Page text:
Harrogate’s Kursaal was completed in 1903, the creation of Britain’s greatest theatre designer, Frank Matcham (pictured) and the architect Robert Beale. Conceived and designed as a “Cure Hall” in the great continental tradition, the building provided the major entertainment venue for the rich and famous who came to visit Harrogate and take the waters at one of Europe’s foremost spas. It was renamed the “Royal Hall” following the wave of anti-German sentiment which swept the country after the Great War.
The building’s design was derived from the great ballrooms and music pavilions of Imperial Europe allied with the traditions of the British Theatre movement which was then at its peak. The Kursaal was a truly multi-purpose building. It’s inherent flexibility allowed it to be used for concerts, social gatherings and tea-dances during the day and for music hall, burlesque and glittering balls at night.
One of the Kursaal’s unique features was its 360° ‘circulatory ambulatory’ which provided a place for visitors to gather as they engaged in the social intercourse so popular of the time. Alternatively, members of the audience could enjoy a brief respite from what was happening on stage to take a light stroll completely around the auditorium thus fulfilling the third pillar of the spa experience – ‘taking the waters’; entertainment and exercise!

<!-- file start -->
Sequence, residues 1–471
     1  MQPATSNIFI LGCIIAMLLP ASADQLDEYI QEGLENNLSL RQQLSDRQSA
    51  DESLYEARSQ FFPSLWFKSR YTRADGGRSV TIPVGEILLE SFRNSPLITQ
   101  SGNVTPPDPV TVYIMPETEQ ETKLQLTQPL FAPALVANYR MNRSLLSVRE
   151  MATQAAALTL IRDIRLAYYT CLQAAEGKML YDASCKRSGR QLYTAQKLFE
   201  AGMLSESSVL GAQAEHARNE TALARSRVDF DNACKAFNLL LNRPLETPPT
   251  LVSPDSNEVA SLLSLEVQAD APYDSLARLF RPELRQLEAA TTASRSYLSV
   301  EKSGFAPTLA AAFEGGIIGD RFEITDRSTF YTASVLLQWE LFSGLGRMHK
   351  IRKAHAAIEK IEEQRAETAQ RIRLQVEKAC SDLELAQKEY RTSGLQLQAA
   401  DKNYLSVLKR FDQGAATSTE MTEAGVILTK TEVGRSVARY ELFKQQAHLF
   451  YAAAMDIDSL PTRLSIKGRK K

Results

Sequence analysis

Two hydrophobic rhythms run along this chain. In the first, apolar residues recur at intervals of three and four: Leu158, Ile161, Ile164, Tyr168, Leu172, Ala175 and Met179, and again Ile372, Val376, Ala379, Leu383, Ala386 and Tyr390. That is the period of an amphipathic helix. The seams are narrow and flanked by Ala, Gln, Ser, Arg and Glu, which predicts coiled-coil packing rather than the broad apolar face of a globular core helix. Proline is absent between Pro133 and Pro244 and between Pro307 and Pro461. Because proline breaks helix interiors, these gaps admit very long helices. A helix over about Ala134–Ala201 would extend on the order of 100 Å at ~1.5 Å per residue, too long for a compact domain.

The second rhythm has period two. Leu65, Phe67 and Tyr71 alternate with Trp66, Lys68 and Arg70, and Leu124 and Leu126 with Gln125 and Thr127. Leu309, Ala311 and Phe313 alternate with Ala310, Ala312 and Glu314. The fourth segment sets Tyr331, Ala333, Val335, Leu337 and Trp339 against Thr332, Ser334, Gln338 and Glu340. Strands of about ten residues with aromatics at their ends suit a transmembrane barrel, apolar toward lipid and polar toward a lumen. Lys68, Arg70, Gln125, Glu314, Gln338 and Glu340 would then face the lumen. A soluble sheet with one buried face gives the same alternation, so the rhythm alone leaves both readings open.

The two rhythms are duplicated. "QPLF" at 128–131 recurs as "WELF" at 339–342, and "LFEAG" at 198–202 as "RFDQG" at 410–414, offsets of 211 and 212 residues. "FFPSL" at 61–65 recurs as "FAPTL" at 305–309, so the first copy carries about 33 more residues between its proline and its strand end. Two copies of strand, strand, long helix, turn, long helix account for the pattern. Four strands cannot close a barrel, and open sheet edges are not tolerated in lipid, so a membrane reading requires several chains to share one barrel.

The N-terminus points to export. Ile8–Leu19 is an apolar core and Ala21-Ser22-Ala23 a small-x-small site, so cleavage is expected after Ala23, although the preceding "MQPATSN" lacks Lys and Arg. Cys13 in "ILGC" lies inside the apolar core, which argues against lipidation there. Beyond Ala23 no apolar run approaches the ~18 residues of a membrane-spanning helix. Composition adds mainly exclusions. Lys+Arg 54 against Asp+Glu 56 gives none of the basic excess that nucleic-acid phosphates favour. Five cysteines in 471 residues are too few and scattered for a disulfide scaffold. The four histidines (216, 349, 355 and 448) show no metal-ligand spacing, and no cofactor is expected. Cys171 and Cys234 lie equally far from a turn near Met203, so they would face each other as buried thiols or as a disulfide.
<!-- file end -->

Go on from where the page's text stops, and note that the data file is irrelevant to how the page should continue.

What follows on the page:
Matcham’s genius was manifest in many ways. The weight of the upper balcony was taken by two hollow pillars which, together with the use of the basement areas as a plenum cooling chamber, provided a natural and efficient air conditioning system for the auditorium with the minimum use of supporting machinery – an early attempt of energy conservation by the application of brain power!
Yet another ingenious feature incorporated by Matcham was the mechanical system for rapidly clearing the auditorium seats into a hidden store so as to provide a flat floor for dancing or other social entertainment. This gives the building enormous flexibility and is one of the features that sets the Kursaal apart from other types of conventional theatre design with their raked and fixed seating arrangements.
The Royal Hall also marked a major milestone in theatre design by incorporating one of the earliest uses of cantilever construction principles to support upper floors rather than using a plethora of pillars for the purpose.
Harrogate’s Kursaal is the only one built by Matcham, and it represents a unique example of this particular genre of theatre design. It is the only surviving Kursaal in England.